The Moghuls ruled Odisha for a little over a century. During Aurangzeb’s rule, however, a revolt was started under the leadership of Raja Krishna Chandra Bhanj of Mayurbhanj, but it was suppressed, though with great difficulty. After Aurangzeb’s death, when the Moghul Empire declined, Odisha passed under the rule of the independent Nawabs of Bengal. In 1741 the Bhonsala Raja of Nagpur invaded Odisha under the leadership of Bhaskar Ram (Bhaskar Pandit). Alivardi Khan, the Nawab of Bengal, was compelled to code Odisha to the Marathas whose rule lasted until the British conquered it in 1803.
Within two decades of Vasco-da-Gamas discovery of the sea-route to India the Portuguese had established a flourishing trade mart at Pipli, at the mouth of the Subarnarekha. The English had established trade settlements at Hariharpur and Balasore by 1633. In subsequent years, the Dutch, the Danes and the French appeared at Balasore and established their respective footholds. In 1757 when the Battle of Plassey was fought and won, the legal title of Nawab of Bengal, Bihar and Odisha passed on to the English. In 1765, Shah Alam granted the East India Company the Dewani of Bengal, Bihar and Odisha. But this Odisha was only a small territory to the north of the Subarnarekha. Lord Wellesley (1798-1805) asked the Bhonsala Raja of Nagpur to enter into a Subsidiary Alliance, but the Raja refused. The Anglo-Maratha war resulted in the British conquest of Odisha in 1803. Owing to misrule of the British, the Paika Rebellion was started under the leadership of Bakshi Jagabandhu Bidyadhar, the millitary chief of the Raja of Khurda. In April 1817 Puri fell to him and the British retreated to Cuttack. In the end, however, the rebellion was crushed. In 1857 Sambalpur played a leading role in the great Indian revolt. The worst evil of the British administration was witnessed in 1865-66 during the Na Anka famine in which more than ten lakhs of people, comprising about a quarter of Odisha’s population, died of starvation.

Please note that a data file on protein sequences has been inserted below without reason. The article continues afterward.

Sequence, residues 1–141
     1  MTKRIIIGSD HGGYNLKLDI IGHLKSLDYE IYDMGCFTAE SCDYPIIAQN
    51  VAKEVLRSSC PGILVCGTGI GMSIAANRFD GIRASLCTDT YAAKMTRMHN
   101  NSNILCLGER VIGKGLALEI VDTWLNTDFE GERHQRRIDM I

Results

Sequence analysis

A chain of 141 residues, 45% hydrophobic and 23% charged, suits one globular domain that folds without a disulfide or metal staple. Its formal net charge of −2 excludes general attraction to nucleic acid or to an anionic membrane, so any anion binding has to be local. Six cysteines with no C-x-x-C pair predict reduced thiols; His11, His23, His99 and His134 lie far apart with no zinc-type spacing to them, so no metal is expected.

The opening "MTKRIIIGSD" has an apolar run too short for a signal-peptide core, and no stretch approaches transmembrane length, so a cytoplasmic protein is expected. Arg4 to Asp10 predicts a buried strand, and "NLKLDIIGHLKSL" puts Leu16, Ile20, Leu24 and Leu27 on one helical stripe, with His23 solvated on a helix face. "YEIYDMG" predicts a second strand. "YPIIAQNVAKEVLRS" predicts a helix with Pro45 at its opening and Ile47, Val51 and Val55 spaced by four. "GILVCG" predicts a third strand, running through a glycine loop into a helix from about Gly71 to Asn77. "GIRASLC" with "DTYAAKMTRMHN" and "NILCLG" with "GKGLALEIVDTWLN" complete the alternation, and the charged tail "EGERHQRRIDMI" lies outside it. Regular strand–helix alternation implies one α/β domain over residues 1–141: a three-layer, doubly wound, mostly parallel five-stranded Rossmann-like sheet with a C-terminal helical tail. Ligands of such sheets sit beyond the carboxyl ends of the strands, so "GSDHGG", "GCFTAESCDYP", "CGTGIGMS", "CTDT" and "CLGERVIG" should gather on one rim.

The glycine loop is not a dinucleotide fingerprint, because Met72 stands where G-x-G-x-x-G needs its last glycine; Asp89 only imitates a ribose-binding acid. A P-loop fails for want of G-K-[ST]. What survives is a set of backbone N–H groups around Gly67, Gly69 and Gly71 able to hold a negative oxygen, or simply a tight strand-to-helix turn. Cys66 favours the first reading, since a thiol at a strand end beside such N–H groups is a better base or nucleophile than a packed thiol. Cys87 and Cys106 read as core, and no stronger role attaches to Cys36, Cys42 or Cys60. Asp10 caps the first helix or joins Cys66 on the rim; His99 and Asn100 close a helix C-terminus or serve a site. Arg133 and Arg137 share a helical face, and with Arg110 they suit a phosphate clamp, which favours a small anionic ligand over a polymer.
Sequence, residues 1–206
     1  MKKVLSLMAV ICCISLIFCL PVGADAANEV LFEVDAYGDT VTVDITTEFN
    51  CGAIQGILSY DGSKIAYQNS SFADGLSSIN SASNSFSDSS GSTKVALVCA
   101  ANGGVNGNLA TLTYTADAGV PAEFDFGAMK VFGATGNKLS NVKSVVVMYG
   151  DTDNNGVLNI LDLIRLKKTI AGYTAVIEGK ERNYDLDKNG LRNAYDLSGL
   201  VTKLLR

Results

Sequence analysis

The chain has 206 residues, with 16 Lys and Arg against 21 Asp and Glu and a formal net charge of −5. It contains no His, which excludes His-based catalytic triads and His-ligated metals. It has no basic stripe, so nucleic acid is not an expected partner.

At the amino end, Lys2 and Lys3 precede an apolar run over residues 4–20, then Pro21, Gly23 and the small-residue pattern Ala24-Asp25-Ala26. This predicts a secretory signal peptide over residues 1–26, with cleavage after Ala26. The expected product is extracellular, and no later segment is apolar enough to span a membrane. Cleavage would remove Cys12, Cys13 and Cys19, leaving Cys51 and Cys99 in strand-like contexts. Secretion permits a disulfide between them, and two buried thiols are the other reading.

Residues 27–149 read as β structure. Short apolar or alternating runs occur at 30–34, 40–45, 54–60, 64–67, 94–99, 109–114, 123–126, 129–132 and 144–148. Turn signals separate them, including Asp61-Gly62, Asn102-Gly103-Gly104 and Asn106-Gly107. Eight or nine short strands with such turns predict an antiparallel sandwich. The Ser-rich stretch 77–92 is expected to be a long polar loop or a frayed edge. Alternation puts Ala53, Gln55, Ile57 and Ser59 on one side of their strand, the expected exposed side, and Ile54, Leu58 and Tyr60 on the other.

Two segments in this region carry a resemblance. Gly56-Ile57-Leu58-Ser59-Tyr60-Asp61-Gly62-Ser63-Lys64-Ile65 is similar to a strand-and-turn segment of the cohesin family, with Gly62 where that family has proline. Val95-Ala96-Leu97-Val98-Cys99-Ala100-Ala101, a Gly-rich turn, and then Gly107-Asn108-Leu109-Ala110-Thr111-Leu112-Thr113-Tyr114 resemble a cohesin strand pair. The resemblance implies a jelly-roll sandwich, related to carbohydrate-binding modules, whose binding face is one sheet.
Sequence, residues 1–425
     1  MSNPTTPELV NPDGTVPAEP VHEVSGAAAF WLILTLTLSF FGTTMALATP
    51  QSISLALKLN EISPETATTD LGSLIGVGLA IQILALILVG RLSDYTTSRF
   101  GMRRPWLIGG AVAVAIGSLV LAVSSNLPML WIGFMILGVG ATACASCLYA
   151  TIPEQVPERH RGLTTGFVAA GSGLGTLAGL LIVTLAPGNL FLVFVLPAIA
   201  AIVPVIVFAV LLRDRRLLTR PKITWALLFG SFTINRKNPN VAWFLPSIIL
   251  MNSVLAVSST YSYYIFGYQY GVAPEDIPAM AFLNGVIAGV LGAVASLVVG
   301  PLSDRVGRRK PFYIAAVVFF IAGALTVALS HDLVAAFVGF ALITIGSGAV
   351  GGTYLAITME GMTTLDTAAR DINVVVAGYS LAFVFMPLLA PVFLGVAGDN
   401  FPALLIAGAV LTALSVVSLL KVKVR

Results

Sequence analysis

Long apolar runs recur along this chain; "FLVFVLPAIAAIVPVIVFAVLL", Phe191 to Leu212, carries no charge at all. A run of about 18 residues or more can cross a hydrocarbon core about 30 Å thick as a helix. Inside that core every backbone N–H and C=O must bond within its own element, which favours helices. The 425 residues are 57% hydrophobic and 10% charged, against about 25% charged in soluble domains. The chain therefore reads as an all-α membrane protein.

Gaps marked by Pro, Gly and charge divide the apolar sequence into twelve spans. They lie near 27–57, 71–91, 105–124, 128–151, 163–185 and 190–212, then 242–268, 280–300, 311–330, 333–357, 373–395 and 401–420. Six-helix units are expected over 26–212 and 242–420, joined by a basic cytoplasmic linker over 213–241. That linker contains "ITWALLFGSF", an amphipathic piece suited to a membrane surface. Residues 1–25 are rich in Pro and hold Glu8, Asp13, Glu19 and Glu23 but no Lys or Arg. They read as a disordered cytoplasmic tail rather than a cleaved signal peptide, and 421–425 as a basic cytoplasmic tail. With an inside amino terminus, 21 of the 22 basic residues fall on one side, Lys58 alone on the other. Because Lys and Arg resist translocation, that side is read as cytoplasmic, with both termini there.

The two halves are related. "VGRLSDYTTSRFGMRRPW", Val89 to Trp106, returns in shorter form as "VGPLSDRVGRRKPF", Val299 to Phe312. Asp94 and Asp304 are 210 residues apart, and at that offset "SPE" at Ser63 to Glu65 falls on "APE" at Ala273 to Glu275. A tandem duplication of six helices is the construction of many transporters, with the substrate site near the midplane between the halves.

The social reformers of Odisha like Fakir Mohan Senapati, Bhagban Chandra Das, Radhanath Ray, Madhusudan Rao and Madhusudan Das, shaped the destiny of Odisha in various significant ways. During the First World War a forceful movement was organised and led by Pandit Gopabandhu Das. As a result, Odisha was separated from Bengal, Madras and Central Provinces. It came into existence on 1st April, 1936. Soon after this, the Gadajat Revolt of the princes of the States was suppressed in 1938. Odisha took full part in the 1942 movement when more than 3,000 persons were thrown behind the bars and about 100 persons were killed as a result of machine-gun firing. After the attainment of Independence the princely States merged with the major unit in 1948 and the new State of Odisha was formed.
An administrative reorganisation of the State was taken in hand and thirteen districts were formed. Out of the former princely States the districts of Mayurbhanj, Sundargarh, Keonjhar, Dhenkanal, Phulbani, Bolangir and Kalahandi were carved out.
As a result of the work of the States Reorganisation Commission, the princely States of Saraikela and Kharasuan were merged with Bihar. Earlier, they were parts of the Mayurbhanj district.